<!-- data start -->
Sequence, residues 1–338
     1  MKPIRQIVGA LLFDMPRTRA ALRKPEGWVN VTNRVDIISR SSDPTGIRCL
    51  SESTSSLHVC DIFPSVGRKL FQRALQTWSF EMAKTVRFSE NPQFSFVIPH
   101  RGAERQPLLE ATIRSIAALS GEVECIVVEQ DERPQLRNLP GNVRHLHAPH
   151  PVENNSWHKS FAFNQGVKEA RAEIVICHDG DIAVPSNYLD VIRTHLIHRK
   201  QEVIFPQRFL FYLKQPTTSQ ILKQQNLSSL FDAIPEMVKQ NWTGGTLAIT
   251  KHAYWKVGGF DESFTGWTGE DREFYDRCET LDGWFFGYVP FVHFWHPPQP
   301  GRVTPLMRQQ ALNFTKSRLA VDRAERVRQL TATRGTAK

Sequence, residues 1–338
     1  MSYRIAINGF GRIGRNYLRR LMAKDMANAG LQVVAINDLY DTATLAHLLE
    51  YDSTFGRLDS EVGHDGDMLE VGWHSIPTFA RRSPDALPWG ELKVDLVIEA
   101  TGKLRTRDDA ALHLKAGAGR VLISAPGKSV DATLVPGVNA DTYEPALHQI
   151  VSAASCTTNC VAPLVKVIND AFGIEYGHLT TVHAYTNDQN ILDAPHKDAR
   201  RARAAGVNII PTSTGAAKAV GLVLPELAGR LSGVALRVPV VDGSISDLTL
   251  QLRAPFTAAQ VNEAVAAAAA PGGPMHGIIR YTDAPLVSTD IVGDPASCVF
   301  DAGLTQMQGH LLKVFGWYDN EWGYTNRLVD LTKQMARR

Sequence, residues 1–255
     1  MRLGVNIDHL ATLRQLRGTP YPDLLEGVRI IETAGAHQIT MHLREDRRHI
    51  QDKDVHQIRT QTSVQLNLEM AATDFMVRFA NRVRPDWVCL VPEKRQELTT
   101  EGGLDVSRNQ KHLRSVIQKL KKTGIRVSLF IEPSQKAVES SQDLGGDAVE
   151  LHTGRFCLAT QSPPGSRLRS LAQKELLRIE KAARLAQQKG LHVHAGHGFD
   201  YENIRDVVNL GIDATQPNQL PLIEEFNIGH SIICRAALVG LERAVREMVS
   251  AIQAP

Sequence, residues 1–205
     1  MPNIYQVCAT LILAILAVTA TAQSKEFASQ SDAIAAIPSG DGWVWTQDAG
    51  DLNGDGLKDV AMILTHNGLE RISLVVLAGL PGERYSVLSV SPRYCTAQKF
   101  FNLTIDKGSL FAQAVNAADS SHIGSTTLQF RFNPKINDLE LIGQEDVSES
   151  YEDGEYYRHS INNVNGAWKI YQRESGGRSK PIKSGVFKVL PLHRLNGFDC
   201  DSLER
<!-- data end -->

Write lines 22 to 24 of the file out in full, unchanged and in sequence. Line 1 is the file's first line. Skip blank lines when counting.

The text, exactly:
   201  YENIRDVVNL GIDATQPNQL PLIEEFNIGH SIICRAALVG LERAVREMVS
   251  AIQAP

Sequence, residues 1–205